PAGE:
This is a monthly series where we highlight standout performances from the streaming universe. Since Film Companion watches widely, we decided to curate this list, foregrounding exceptional work, even if they did not have the proverbial spotlight on them.
Anirban Bhattacharya, Detective
Streaming Platform: Hoichoi
The titular character in the new Bengali film, Detective, is not an easy one to play: a police detective in pre-independence India who thinks of himself as being at par with Sherlock Holmes. A rising star in contemporary Bengali cinema, Bhattacharya injects a buffoonery into the role that shows that he is a skilful, vanity-free performer with a gift for comedy and ample natural charm. It’s a role that inhabits the thin line between seriousness and tomfoolery—which Bhattacharya is able to bring out with the help of modifications in speech and body language.
Kumud Mishra, Ram Singh Charlie
Streaming Platform: SonyLIV
Kumud Mishra plays the titular role in Ram Singh Charlie. He is a circus performer whose speciality is the Charlie Chaplin act. Ram Singh has a tough life but he keeps his smile intact. This is a film about an artist under siege and Kumud poignantly captures the many moods of Charlie. There is a humanity and generosity about his performance that transcends the uneven writing of the film.
Manav Vij, Gunjan Saxena
Streaming Platform: Netflix
He’s only there for a few scenes in a film otherwise hijacked by Pankaj Tripathi‘s serenity, but Manav Vij’s character – Gunjan’s commanding officer and trainer at the Air Force Base – offsets her gentle upbringing with the tough love that Gunjan probably needs in order to battle her inner demons. Vij has a dead-eyed elegance that at once intimidates and reassures. It may seem he’s the bad father in the good-father-bad-father act, but there’s a masculine empathy to his performance: he feels protective of Gunjan, but is too much of a straight-laced “army man” to express it. So he lets silence and strictness do the talking.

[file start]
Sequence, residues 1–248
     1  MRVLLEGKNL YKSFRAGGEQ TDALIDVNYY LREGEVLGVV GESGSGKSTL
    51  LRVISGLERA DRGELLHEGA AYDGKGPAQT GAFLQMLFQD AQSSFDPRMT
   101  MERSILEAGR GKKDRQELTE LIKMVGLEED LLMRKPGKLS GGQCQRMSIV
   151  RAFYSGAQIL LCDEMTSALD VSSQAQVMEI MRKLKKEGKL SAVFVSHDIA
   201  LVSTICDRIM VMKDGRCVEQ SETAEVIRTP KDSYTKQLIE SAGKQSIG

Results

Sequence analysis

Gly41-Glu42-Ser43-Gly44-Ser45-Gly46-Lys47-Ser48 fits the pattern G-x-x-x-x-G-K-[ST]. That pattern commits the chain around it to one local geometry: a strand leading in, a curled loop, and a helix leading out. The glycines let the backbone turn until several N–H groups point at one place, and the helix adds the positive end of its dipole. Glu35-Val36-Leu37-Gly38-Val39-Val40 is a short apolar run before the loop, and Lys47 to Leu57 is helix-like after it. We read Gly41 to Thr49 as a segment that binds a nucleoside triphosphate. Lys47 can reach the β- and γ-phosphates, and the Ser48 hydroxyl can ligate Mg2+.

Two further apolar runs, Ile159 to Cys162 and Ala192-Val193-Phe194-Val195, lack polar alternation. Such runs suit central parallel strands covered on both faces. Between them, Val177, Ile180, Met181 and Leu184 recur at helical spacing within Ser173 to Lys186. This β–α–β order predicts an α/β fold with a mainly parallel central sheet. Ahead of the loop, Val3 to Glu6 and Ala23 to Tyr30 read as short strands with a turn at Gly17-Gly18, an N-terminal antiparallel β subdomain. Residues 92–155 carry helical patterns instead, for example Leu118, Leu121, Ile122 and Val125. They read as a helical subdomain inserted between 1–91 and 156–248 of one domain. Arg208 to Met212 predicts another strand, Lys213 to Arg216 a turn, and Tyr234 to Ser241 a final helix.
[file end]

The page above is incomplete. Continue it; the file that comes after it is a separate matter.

Mehar Bano, Churails
Streaming Platform: Zee5
All the four “Churails” of Asim Abbasi’s deceptively clever show would waltz into any monthly acting list. The older women of the gang – Sara, Batool and Jugnu – rightly earned plaudits for driving the ambitious rhythm of the feminist vigilante tale, but the youngest – Mehar Bano as Zubaida – truly encapsulated the spirit of the jittery premise. She doesn’t overdo the “feisty” template, free-flowing and mischievous with her boyfriend, while being the hot-headed baby of the experienced group. It’s a perceptive performance that could have so easily played into the manic-pixie zone. Zubaida is the character that lends the Churails an air of protective parenthood.
Neena Gupta, Masaba Masaba
Streaming Platform: Netflix
It’s impossible to dislike a Neena Gupta performance, but it’s even more affecting when she riffs on her own life in the Netflix series based on her daughter. Some of the show’s most moving moments feature her reacting to the ups and downs of being a 60-year-old actress in Bollywood: chatting with her friends, watching the premiere of her “cool” music video, meeting with Farah Khan for a role, speaking to her Delhi-based husband on the phone. The passion and insecurities of a 20-something struggler combined with the elegance of a veteran frames her as a dreamy-eyed artist whose backstory is also her subtext.
Shriya Pilgaonkar, The Gone Game
Streaming Platform: Voot Select
As the social media influencer whose husband may or may not have passed away from COVID19, Shriya Pilgaonkar delivered her most grounded performance yet in The Gone Game. Pilgaonkar does well to capture the confusion, paranoia and helplessness of life in lockdown and balance that with the thriller elements of the story without giving into exaggeration or excess.